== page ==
Starting a New Business Here s What You Can and Can t Deduct

Starting a New Business? Here’s What You Can and Can’t Deduct

If you plan to use personal savings for a new business, many of the costs are tax deductible.

In this article, we’ll go through what you can and can’t deduct during the startup phase, helping you spend strategically and get a better return come tax time.

The business startup phase

Startup expenses are categorized differently from standard business expenses. Distinguishing between the two depends on when the cost is incurred.

In the eyes of the IRS, you are in the “startup phase” until you open your doors for business or start earning income. Costs during this period are categorized as startup costs.

Once you launch or make your first sale, costs are categorized as business expenses.

However, not everything can be claimed as a startup expense. First, let’s look at what you cannot deduct, and then we’ll move on to what you can deduct during the startup phase.

Here’s what you can’t deduct:

There is a limit to the amount of startup costs that can be deducted in the first year. If you incur over $50,000 in startup costs, your available deductions will be lowered by the excess amount. For example, if you incur $52,000 in startup costs, you can only deduct $3,000 in the first year ($5,000 minus the excess over $50,000).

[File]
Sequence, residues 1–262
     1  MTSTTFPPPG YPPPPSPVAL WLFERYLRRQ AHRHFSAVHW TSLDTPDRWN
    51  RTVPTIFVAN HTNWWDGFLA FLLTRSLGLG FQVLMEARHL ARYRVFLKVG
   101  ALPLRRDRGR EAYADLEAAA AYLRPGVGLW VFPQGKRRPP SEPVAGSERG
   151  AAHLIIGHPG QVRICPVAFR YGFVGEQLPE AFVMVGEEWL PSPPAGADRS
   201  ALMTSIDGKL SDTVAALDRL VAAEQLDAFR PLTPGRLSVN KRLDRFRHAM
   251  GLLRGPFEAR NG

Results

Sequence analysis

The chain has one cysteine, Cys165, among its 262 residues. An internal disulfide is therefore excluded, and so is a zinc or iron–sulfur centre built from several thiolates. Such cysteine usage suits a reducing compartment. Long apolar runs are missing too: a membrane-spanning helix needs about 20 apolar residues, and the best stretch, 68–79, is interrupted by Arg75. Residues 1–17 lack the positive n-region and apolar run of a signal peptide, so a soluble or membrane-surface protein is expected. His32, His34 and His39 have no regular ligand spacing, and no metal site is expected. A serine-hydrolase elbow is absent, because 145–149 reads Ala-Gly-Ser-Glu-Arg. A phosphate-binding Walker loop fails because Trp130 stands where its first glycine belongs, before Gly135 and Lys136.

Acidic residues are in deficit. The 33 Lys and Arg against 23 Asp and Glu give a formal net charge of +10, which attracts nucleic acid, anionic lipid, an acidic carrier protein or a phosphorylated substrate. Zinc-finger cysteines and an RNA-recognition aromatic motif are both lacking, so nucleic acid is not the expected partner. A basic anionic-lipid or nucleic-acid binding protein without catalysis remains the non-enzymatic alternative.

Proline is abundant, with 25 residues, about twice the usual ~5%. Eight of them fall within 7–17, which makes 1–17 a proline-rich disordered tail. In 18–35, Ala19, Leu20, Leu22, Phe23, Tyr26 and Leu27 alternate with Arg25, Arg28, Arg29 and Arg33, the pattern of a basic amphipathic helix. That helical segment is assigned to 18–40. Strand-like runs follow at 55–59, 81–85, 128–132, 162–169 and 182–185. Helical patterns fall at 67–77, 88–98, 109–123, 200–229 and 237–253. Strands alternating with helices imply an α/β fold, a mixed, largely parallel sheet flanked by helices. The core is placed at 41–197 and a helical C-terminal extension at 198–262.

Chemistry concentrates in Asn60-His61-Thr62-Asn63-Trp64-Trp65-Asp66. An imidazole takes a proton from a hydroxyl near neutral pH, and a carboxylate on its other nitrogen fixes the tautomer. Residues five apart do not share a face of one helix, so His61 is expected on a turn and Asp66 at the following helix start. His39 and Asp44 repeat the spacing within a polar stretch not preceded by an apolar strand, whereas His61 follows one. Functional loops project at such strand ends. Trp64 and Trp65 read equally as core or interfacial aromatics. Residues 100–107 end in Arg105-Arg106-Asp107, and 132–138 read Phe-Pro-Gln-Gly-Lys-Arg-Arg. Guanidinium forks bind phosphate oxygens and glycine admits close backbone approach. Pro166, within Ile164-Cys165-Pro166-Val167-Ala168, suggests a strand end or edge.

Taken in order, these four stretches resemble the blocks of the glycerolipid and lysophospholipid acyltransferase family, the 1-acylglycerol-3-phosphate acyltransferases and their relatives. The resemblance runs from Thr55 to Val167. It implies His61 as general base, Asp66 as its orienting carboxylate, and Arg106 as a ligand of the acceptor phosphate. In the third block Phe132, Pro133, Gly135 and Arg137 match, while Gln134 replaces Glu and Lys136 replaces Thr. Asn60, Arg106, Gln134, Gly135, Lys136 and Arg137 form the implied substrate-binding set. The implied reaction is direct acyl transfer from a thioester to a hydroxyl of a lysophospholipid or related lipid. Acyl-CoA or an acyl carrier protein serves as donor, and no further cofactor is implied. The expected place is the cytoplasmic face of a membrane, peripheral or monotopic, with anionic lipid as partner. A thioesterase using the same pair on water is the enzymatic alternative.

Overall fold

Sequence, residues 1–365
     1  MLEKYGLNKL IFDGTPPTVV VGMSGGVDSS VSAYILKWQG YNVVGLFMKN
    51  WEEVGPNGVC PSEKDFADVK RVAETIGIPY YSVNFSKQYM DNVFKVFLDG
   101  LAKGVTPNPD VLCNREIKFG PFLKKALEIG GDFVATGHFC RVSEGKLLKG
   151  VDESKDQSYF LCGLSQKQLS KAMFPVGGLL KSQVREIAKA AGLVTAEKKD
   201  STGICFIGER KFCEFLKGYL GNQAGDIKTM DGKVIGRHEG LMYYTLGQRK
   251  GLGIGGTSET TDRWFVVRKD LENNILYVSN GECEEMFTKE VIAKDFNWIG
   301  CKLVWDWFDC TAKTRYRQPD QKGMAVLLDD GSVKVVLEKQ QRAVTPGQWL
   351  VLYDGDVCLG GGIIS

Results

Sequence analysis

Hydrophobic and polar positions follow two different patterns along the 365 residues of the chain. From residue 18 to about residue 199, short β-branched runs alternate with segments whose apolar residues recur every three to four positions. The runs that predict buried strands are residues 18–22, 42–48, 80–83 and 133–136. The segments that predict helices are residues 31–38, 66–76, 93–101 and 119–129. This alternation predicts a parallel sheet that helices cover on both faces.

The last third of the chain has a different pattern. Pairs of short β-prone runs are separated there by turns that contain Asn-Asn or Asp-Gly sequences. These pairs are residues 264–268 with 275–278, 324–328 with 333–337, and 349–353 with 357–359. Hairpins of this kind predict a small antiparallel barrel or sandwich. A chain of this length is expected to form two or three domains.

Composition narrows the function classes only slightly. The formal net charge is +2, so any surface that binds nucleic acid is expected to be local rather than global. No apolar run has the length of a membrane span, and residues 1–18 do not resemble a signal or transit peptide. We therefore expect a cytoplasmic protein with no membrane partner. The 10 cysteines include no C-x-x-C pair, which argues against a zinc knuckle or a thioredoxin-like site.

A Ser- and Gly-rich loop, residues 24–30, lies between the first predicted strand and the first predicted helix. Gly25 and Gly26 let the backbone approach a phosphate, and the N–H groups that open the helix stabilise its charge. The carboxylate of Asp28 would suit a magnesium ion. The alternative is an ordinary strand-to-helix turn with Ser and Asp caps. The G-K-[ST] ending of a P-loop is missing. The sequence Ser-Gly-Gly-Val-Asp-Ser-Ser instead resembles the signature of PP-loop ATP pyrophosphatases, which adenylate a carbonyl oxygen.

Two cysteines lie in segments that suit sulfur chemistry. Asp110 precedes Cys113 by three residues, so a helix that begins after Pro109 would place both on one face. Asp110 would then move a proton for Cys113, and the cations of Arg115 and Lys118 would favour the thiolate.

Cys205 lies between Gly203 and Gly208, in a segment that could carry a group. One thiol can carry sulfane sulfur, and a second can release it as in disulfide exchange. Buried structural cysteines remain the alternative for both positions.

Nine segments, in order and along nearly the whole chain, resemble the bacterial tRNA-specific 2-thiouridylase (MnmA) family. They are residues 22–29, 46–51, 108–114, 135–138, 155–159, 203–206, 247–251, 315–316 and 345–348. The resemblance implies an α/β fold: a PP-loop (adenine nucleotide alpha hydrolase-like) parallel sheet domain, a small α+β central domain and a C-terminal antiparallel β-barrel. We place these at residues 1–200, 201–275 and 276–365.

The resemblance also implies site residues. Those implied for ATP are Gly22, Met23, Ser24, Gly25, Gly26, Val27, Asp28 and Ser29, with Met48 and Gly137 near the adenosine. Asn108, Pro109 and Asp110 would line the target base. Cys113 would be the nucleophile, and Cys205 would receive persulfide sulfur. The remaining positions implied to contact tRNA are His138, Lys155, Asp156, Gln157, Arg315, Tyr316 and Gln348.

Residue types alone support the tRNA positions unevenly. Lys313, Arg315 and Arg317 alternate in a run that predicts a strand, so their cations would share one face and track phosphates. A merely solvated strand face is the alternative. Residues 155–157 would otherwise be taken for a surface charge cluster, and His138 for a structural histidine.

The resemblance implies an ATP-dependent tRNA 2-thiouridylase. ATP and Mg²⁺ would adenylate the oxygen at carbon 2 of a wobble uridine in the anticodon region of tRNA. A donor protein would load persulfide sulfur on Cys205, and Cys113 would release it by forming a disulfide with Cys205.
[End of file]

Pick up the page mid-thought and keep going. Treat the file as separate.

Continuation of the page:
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After the first year, you can amortize the remaining costs over the next 15 years. If you exceed $55,000 in startup costs, you won’t be able to deduct any costs in the first year and must amortize all of your startup costs.

Here’s what you can deduct during the startup phase:

The total amount of costs incurred while starting your business determines the amount you can deduct as startup costs. If your startup expenses stay under $50,000, you can deduct $5,000 in startup costs during your first year.

Deductible expenses during the startup phase fall into two categories: research and the formation of the business. Let’s take a look at the specific types of startup expenses that can be claimed:

Investigating the creation or acquisition of an active trade or business

Research costs that can be deducted as startup expenses include:

  • Surveying markets
  • Product analysis
  • Visiting potential business locations

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